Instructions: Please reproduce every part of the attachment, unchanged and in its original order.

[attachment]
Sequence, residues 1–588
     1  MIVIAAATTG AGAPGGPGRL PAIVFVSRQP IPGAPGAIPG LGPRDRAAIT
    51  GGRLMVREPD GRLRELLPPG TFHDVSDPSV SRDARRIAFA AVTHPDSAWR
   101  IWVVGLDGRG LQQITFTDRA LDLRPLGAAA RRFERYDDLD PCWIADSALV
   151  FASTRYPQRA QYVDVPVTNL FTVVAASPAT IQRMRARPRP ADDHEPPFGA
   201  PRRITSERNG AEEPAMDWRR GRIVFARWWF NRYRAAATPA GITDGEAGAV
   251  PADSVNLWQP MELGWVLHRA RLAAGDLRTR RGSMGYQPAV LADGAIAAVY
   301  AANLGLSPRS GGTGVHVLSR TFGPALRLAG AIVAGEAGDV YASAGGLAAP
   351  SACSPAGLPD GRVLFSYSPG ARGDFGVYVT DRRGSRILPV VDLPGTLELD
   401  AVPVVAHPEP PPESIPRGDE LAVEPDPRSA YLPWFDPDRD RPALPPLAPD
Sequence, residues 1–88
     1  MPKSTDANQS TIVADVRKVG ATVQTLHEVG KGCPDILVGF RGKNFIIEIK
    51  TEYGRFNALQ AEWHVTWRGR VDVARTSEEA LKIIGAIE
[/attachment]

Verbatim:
Sequence, residues 1–588
     1  MIVIAAATTG AGAPGGPGRL PAIVFVSRQP IPGAPGAIPG LGPRDRAAIT
    51  GGRLMVREPD GRLRELLPPG TFHDVSDPSV SRDARRIAFA AVTHPDSAWR
   101  IWVVGLDGRG LQQITFTDRA LDLRPLGAAA RRFERYDDLD PCWIADSALV
   151  FASTRYPQRA QYVDVPVTNL FTVVAASPAT IQRMRARPRP ADDHEPPFGA
   201  PRRITSERNG AEEPAMDWRR GRIVFARWWF NRYRAAATPA GITDGEAGAV
   251  PADSVNLWQP MELGWVLHRA RLAAGDLRTR RGSMGYQPAV LADGAIAAVY
   301  AANLGLSPRS GGTGVHVLSR TFGPALRLAG AIVAGEAGDV YASAGGLAAP
   351  SACSPAGLPD GRVLFSYSPG ARGDFGVYVT DRRGSRILPV VDLPGTLELD
   401  AVPVVAHPEP PPESIPRGDE LAVEPDPRSA YLPWFDPDRD RPALPPLAPD
Sequence, residues 1–88
     1  MPKSTDANQS TIVADVRKVG ATVQTLHEVG KGCPDILVGF RGKNFIIEIK
    51  TEYGRFNALQ AEWHVTWRGR VDVARTSEEA LKIIGAIE